NT LAN Manager (NTLM)

Windows NT LAN Manager (NTLM) is a challenge-response authentication protocol used to authenticate a client to a resource on an Active Directory domain. When the client requests access to a service associated with the domain, the service sends a challenge to the client, requiring that the client to perform a mathematical operation using its authentication token, and then return the result …

System for Cross-Domain Identity Management (SCIM)

System for Cross-domain Identity Management (SCIM) is a standard for automating the exchange of user identity information between identity domains, or IT systems. SCIM is used by companies that make use of applications/systems that are hosted on external domains – i.e. cloud applications like Google Apps, Office365 or Salesforce.com – to programmatically add/delete accounts for users on the external applications/systems. Instead …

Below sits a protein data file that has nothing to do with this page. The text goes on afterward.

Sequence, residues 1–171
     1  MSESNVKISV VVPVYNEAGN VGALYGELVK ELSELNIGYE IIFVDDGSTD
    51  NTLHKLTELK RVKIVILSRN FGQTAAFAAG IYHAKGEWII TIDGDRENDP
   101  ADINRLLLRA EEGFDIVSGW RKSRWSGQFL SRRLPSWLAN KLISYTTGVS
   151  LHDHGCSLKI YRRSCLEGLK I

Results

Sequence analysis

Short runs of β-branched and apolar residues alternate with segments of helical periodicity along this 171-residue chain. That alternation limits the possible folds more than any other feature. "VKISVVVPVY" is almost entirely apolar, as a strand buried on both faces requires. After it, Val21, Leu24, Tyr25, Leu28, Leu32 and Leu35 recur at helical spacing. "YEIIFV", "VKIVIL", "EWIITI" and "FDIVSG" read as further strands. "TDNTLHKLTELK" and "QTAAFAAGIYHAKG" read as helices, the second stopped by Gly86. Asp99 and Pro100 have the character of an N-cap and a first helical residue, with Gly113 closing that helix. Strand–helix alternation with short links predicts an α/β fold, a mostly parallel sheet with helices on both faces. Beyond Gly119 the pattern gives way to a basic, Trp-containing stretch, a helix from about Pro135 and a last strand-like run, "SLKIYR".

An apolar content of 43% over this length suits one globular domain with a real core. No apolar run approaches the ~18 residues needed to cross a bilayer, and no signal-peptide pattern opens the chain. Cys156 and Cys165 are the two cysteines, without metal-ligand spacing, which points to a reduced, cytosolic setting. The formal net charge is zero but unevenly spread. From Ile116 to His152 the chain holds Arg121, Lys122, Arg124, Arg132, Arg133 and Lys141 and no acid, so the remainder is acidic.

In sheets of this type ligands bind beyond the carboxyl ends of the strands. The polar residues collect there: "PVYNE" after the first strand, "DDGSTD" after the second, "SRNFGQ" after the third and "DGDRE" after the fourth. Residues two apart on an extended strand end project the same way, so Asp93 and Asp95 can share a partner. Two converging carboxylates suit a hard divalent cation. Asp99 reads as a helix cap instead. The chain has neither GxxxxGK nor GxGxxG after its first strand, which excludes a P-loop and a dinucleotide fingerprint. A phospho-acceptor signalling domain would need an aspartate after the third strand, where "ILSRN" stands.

Challenge Handshake Authentication Protocol (CHAP)

Challenge-Handshake Authentication Protocol (CHAP) is an identity verification protocol that does not rely on sending a shared secret between the access-requesting party and the identity-verifying party (the authenticator). CHAP is based on a shared secret, but in order to authenticate, the authenticator sends a “challenge” message to the access-requesting party, which responds with a value calculated using a “one-way hash” function …

Salted Challenge Response Authentication Mechanism (SCRAM)

Salted Challenge Response Authentication Mechanism (SCRAM) is a password-based mutual authentication protocol designed to make an eavesdropping attack (i.e. man-in-the-middle) more difficult. Using cryptographic hashing techniques, a client can prove to a server that the user knows a secret derived from the user’s password without sending the password itself. The server can prove to the client that it knows a secret …

Key Agreement Protocol